By NITISH PAHWA APRIL 28, 2020
To hear tell of the gardening craze that has spread across the U.S. in recent weeks, it would seem we’re in the middle of a victory garden resurgence. In response to the COVID-19 pandemic, which has disrupted supply chains and ground everyday life to a halt, terrified and ingenious Americans are turning to their backyards to revitalize their green thumbs or take on new planting passions.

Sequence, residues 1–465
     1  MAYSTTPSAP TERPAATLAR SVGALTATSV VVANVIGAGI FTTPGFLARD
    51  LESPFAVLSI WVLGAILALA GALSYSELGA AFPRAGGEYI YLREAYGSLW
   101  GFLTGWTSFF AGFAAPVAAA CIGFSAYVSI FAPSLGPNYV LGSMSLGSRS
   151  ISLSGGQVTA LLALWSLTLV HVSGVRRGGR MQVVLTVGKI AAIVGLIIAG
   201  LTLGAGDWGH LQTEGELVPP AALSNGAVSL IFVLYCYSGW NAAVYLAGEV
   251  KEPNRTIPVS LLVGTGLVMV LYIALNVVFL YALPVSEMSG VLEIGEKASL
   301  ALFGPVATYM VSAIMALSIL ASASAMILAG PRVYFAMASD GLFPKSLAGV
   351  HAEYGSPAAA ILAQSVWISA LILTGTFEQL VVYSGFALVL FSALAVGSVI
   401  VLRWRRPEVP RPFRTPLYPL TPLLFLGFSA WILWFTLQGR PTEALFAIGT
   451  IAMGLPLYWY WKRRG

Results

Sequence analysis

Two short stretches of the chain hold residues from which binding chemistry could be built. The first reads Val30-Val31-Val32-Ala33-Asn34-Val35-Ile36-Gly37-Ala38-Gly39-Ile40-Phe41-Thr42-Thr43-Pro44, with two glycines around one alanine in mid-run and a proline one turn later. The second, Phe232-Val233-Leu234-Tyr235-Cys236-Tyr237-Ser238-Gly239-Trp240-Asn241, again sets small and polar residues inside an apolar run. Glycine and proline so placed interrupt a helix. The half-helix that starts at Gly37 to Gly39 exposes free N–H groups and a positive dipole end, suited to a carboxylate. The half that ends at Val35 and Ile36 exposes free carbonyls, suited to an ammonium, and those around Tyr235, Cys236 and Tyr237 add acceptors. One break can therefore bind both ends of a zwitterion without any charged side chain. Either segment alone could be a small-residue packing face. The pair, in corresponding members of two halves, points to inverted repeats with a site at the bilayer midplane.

The original victory gardens, dating from World War I, were top-down national initiatives begun in response to international crop failures and food shortages, not to mention the conscription of farmers to the battlefields. The most iconic of these gardens, from the Second World War, were also a government-led effort, spurred by the U.S. Department of Agriculture to help lower the cost of food provided to the troops. Today’s pandemic-spurred gardening initiatives are more of a personal endeavor than an effort to mass produce food for a nation in international battle. But some of the original movement’s spirit remains: Gardening is a way for people to turn their feelings of helplessness into something nourishing. It’s also proved to be a way to form new relationships—community gardening projects, such as Nate Kleinman’s Cooperative Gardens Commission, have sprouted up around the country, with the goal of teaching Americans to garden and providing the food grown to those suffering the most during this pandemic.
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